This homepage has been created by: J. Robert Corrigan of Ottawa, Ontario, Canada
THIS SITE IS NO LONGER ACTIVELY MAINTAINED OR UPDATED.
The mandate of the website is to inform, collect and exchange genealogical information on the Corrigan Clan, no matter which branch clan members belong to.
Also, I am hoping this could be used as a link for clan members, to utlize, in establishing contacts with fellow Corrigans.
The great Gaelic family of Corrigan emerged and was first recorded in Ulster, where they were seated from very ancient times, long before the Norman Conquest in 1066. The O’Corrigans, O’Coraidhegain or O’Corragáin in Gaelic/Irish are descended through the Donnellys and the Maguires, Princes of Fermanagh, who in turn descended from the O’Hart, from the ancient King Colla da Criock, King of Orgiall, which was ancient Ulster. Colla da Crioch died about the year 357 AD. At about the turn of the 9th century the sept of Corrigan held territories in the counties of Ulster, and the south in Leinster and Connacht. Corrigans – the prefix O is seldom used – are still in that part of Ulster, but the name to-day is very scattered, being found in most counties, except in Munster. This was already the case in the sixteenth century when it appears in localities as far apart as Offaly, Roscommon, Meath, Westmeath and Monaghan. In the 1659 census Corrigan and O’Corrigan are among the more numerous Irish names in Offaly, Longford, and Fermanagh. The name appears frequently in the “Annals of the Four Masters”, showing many of the family to be ecclesiastics, mostly Abbots. Carrigan was frequently used at this time as a variant. Ballycorrigan is near Nenagh in county Tipperary, giving further evidence of this name’s penetration into many of the southern counties, and there was still a family seated there until the end of the seventeenth century. But during the seventeenth century and the invasion of Cromwell, many of the Corrigans were forfeited of their lands again. Notable amongst the family at this time was the Corrigans of Ulster.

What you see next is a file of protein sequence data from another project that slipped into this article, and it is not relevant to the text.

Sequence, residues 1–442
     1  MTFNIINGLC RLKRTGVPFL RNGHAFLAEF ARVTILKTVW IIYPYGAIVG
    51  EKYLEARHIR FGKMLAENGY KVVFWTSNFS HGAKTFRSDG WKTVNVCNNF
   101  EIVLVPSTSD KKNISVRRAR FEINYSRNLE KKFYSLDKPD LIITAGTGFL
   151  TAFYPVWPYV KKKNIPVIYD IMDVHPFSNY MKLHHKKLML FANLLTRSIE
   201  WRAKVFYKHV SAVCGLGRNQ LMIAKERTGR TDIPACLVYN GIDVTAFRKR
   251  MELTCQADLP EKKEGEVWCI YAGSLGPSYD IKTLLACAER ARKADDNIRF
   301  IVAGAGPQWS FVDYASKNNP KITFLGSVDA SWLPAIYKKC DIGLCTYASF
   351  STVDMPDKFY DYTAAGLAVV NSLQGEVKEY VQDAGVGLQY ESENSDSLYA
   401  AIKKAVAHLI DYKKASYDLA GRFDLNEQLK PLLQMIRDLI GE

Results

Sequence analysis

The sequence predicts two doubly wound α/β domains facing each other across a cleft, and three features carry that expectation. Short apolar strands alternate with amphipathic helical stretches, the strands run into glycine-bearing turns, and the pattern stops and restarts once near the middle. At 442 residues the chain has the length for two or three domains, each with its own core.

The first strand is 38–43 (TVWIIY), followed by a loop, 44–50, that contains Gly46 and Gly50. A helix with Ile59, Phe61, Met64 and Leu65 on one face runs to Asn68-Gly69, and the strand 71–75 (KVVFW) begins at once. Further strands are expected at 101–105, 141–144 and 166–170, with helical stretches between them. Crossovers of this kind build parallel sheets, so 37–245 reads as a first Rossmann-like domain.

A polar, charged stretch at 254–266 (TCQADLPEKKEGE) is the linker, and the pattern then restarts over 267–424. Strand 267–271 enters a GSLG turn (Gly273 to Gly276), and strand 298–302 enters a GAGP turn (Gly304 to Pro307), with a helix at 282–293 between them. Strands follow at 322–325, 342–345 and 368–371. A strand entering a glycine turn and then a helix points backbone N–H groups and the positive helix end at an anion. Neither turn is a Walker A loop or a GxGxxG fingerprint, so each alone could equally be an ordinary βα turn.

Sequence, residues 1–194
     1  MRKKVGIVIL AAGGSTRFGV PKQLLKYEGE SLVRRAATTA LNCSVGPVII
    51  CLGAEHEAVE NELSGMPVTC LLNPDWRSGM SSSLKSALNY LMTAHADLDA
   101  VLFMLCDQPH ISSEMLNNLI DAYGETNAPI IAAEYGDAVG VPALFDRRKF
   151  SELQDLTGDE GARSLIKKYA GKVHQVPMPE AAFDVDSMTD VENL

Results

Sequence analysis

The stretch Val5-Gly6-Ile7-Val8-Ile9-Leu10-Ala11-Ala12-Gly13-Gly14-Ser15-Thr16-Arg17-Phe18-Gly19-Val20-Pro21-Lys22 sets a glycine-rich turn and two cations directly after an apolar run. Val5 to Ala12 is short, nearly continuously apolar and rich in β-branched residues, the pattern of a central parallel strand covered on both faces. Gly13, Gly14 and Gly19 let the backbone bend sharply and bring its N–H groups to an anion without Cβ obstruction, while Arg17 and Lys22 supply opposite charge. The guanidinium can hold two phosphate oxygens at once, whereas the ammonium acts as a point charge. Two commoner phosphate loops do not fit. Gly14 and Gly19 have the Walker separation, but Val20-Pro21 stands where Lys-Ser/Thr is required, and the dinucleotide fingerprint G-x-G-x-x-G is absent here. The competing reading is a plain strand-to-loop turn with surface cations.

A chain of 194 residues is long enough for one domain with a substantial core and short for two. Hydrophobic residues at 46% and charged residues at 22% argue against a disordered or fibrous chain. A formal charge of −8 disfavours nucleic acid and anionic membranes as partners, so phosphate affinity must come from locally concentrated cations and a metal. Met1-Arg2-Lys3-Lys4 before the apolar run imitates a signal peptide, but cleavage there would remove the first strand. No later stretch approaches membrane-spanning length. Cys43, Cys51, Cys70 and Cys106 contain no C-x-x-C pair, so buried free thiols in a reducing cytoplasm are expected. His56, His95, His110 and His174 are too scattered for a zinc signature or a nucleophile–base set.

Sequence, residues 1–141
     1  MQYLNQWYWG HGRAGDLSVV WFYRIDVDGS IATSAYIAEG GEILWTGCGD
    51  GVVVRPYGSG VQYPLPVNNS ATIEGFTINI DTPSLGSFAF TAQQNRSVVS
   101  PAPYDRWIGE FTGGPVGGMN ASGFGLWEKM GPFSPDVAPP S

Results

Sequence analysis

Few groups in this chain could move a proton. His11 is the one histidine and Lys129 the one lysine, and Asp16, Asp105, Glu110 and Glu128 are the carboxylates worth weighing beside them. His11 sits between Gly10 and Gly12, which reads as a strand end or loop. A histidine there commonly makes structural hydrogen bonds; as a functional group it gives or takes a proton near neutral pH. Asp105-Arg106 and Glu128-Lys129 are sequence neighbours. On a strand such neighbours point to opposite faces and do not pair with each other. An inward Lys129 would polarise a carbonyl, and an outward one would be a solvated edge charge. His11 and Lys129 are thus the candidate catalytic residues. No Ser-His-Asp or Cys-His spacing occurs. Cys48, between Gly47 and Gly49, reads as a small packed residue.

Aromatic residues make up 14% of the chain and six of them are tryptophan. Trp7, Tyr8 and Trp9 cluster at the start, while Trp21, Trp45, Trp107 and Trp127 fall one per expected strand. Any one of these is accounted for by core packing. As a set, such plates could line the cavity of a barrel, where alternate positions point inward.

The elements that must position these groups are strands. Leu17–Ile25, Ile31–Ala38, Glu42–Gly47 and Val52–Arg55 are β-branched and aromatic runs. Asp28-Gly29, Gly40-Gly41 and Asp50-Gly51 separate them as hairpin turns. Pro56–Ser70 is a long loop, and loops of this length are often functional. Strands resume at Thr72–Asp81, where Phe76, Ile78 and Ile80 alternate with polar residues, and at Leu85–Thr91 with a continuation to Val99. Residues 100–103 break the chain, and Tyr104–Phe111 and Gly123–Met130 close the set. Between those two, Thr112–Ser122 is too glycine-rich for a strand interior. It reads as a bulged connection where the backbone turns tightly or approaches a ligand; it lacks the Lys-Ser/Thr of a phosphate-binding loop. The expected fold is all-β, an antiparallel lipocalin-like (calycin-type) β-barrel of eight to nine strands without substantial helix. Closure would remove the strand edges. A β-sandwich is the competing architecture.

Variations of the ancient Irish Gaelic name O’Coraihegan or O’Corragáin:
Carchan, Carekin, Cargan, Cargin, Carigan, Carkin, Caroken, Carroughan, Carragan, Carraghan, Carrason, Carregan, Carrigan, Carrigeen, Carrison, Carroghan, Carroocan, Carrookan, Carrucan, Carson, Carsons, Cherson, Chrisham, Chrisney, Coarigan, Coorakan,Cooregan, Corcam, Corcon, Corgan, Corican, Corigan, Corkan, Corkane, Corken, Corkens, Corken, Corkins, Corkmich, Corocan, Corogan, Corragan, Corriagn, Corrican,CORRIGAN, Corrigin, Corrikan, Corrison, Corrogan, Corskin, Courakin, Crackan, Cracken, Crackin, Craggen, Craghan, Craigan, Craqckin, Crawson, Creagan, Creaghan, Creaghane, Creaghmile, Creagmile, Creegan, Creeshon, Cregan, Creggan, Creghan, Creigan, Creighan, Cresham, Cresken, Criagan, Cricken, Crieghan, Criggan, Criggans, Criggeen, Crighan, Crisham, Crishan, Crishim, Crishnahan, Croakin, Crockan, Crogan, Croghan, Crogin, Croken, Crookshank, Crookshanks, Crosenton, Crosin, Croskan, Crosner, Crossan, Crossane, Crossaun, Crossen, Crossin, Crujm, Crushim, Currigan, Curraghan, Curraken, Currigan, Currisken, Cursan, Curson.